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Old 02-22-11, 07:38 AM
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Yes you will need to cut holes in the soffit. Here is a good thing to look at about venting your attic. Hopefully it will help.
How to Install an Attic Vent | DoItYourself.com
You do not drill holes in the plate.
 
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Old 02-22-11, 08:29 AM
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Thanks for the link. But my attic is different from the animation. The one thing that is different is there is a board that runs the length of the house that is tight to the roof and nailed to the plate. And the rafters tie into that board. In the animation where the place the baffle to hold the insulation down thats where the board is so if you were looking down my house it would look like this

this board is tight to the roof
______
|_____|
/__________| |

soffit
 
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Old 02-22-11, 10:02 AM
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[IMG][/IMG]


sorry that its so big.
 
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Old 02-22-11, 02:40 PM
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First let's see if the image loads...


I guess that the red part I added is tails to tie the plywood soffit onto.
Would it be possible to drill 3 inch holes every 6 foot in the plate to allow airflow as indicated by the yellow paint? This board is not as structural as the top plate.
The smaller green line indicates a airflow baffle so the insulation cannot block the air. You would have to block the floor joist and from the floor to the rafters as shown by the gray color to ensure the insulation does not block the airflow.
 
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Old 02-22-11, 03:14 PM
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Thats how I was thinking of doing it, but it helps to see the airflow, it would be possible to every 6 foot just alot of work.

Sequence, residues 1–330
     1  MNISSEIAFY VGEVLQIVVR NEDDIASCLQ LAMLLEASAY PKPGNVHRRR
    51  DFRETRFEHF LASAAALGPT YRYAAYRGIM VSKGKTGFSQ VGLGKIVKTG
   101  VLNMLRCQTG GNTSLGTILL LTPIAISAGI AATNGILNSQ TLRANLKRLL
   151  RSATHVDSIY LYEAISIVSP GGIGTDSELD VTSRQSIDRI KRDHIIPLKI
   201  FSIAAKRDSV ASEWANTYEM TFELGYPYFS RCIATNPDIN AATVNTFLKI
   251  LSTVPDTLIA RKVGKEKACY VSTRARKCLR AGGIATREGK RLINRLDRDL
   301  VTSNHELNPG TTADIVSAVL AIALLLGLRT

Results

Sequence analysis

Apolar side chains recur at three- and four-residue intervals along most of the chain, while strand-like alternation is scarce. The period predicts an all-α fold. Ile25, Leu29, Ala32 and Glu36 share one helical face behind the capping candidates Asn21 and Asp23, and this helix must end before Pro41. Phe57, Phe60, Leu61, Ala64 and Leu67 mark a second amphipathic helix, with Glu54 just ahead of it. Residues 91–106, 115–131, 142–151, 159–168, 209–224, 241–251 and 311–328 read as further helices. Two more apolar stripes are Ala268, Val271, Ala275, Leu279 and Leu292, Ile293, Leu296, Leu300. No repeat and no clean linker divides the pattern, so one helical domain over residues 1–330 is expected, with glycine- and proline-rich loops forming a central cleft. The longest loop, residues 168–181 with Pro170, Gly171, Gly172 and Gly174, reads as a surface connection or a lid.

The solid wood isn't plywood its actually wood slats, like a hardwood floor. Just one question I had, you said "I guess that the red part I added is tails to tie the plywood soffit onto" what does that mean? Should I cut pieces of wood to create a "bay" in the soffit, where the vents are going to be?
 
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Old 02-22-11, 04:27 PM
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Because added vents would still have a restricted air flow to the baffles, I would use this; Cor-A-Vent : IN-Vent

A 3" hole with a screen is only 2-1/2 sq.in.NFVA; Lomanco Product Lines You would need to drill them end to end with 1" space between holes to get the required 9sq.in. NFVA per lineal foot! Easier the pull the soffit, cut a 3" slot the length, add continuous vented metal and shorten-then re-install the existing soffit. Of course you still have the constricted air path to the baffles....

Gable vents are not nearly as efficient, but may have to work if not using either suggested method. Certain locations don't require attic ventilation, and color of roof is 20-30% of the cooling effect for the roofing shingles--- venting is only 2-3%; http://www.fpl.fs.fed.us/documnts/pdf2002/rose02a.pdf

http://www.fpl.fs.fed.us/documnts/pdf1999/tenwo99a.pdf

Gary